Staring into the Creative Void: A Practical Guide
Recently, I identified a pattern that has severely hindered my ability to do an outstanding job on the last stages of my long-term projects. I reach a point where I’m basically 80% done everything and then all of the sudden, I start shutting down and doubting the validity of the work I’ve done. At that point, everything becomes a struggle. I have to push hard to get started each day, and even as I get towards the last 1% of what I’m doing, I’m considering quitting the whole time.
A great example is my PhD. It took about 4½ years to research and write, and yet the last month was harder than everything before combined. It wasn’t the work itself, but rather the emotional struggle – some would say sabotage – that I was experiencing. Even as I was one week away from submitting the project, I was seriously considering dropping out of the program.
I did finish it, thank God, but I wonder about the effect of that struggle on the quality of my completed project. Nothing much happened with it after it was done and defended. I didn’t publish. I didn’t feel like I had it in me.
Seth Godin argues, I think correctly, that the last stages of a project are the most important. They’re the polish that takes work from amateurish to professional – the proofreading, the formatting, the framing, etc. This stuff isn’t exciting, but it’s critical. It stands to reason that if I’m basically dragging my ass through these stages, the final output of my work, and the ability to get it into the world, has been suffering significantly.
You hear a lot of things about the difficulty of this moment:
- Once the thrill of the creation is done, you lose interest in your project and just have to get through the rest.
- Creativity is 10% inspiration and 90% perspiration.
- Self-doubt is a natural part of the creative process.
- The last mile of the marathon is the hardest.
- I’m going to get rich or die trying.
These definitely help describe a lot of what I’ve experienced in the past, but here’s how I see things: if you can identify a pattern, you can change it. I don’t like having to struggle through the end of my projects. I don’t like the lingering feeling that they never turn out as good as they should because part of my mental energy is always being chewed up by struggle and doubt. If I believe I can change these things, I need to try.
So what I did was keep an eye out for the kind of late-stage doubt I’ve described. Sure enough, this week it reared it’s stupid face on the book manuscript I’ve been working on for the past few months. I was very mindful of this moment, recording precisely what was going on internally (these were swirling around all at once):
- I felt like I’d lost sight of the whole project.
- I felt like the later chapters might be reading very differently from the earlier ones.
- I felt like I’d gone out of my depth on some of the ideas and that I’d look like an idiot when the book came out.
- I felt like I hated the project, like it rebelled on me somehow.
- I felt vulnerable and that this was my last chance to opt out.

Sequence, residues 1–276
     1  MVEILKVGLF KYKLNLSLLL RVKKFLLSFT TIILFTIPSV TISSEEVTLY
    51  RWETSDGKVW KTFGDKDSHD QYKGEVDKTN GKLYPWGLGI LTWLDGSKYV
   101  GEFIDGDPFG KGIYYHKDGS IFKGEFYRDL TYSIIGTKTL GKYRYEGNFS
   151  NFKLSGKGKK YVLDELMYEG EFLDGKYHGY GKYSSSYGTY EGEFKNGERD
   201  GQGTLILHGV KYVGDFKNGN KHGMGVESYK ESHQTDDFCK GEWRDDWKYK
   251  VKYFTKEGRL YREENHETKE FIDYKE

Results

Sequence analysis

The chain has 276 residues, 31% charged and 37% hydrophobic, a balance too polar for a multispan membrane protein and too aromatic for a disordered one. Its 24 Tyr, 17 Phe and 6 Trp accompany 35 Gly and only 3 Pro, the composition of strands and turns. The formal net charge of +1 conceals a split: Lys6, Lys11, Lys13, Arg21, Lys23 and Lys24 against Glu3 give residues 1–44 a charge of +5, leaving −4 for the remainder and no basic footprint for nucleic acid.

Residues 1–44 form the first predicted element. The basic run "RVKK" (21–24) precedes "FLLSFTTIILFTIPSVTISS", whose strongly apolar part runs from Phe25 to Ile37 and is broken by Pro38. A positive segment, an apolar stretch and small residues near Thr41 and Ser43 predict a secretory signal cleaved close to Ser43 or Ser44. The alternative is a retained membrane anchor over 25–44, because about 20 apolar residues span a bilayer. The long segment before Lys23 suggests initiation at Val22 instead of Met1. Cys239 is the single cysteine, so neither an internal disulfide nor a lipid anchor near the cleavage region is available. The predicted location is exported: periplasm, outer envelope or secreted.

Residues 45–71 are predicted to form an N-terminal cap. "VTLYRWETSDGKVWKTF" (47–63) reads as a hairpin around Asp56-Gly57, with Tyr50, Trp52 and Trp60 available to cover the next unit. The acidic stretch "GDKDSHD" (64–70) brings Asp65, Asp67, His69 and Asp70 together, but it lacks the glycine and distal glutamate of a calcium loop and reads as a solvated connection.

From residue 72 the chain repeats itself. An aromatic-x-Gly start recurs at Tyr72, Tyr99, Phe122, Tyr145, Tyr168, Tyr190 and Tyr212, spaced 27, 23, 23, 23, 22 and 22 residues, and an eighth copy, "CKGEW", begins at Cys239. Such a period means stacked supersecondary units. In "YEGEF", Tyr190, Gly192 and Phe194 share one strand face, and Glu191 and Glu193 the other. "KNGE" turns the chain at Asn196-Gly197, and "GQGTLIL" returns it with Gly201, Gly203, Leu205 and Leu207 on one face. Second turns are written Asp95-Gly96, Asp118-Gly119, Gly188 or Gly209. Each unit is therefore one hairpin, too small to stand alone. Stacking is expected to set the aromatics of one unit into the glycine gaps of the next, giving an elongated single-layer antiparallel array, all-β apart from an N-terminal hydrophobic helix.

- I was worried that I’d alienate myself from my peers by releasing this and that they’ll secretly (and correctly) judge me.
- I was scared that it would look amateurish and that as a result people would be less interested in the work I do in the future.
That last one in particular was a killer, but all of these narratives were followed by a single, important question: How am I supposed to keep going? That, for me, is the exact question that has hovered over the end of every major project I’ve done. My old answer has basically been a variation on “suck it up and finish” but I’m sick of that answer. It’s time for a better one.
So, I thought about it for a long time.
Then, I had an epiphany.
To me, the goal of artistic creation is to get to moments when you push beyond what was possible before you started. You’re going for the big ideas, stripping away all of the garbage until you’re confronted with the raw beauty of something brilliant and beautiful and new. You want your brain and your soul to hurt. You want others’ to when they see what you’ve created.
That’s always been the vision, but here’s what I have been missing: that moment is terrifying.
The world goes out of focus. You are speechless as you stare into the void of creation. You feel lost. There is no you anymore.
And so you tell yourself stories to try and get back on familiar ground as quickly as possible. You tell yourself stories like the ones I listed out above. And here’s what I’ve realized: it’s the telling of these stories that is the problem with the late-stages of creation, not their content, which is bogus. If you can pause on them and truly look at the new thing you’ve brought into the world, you can’t help but to feel awe. It’s terrifying and beautiful, and it has nothing to do with all of those other people that will look at later.
You can love that feeling. It doesn’t have to be your enemy.
I’m excited to work on the last stages of this project, now, and I think that bodes well for future ones as well.
I hope that you can feel that same kind of excitement as you behold your creative work in all its raw majesty. The stories are trivial. The doubt is a ruse. All that is exists is you and your creation, staring back at you from the void where once there was nothing.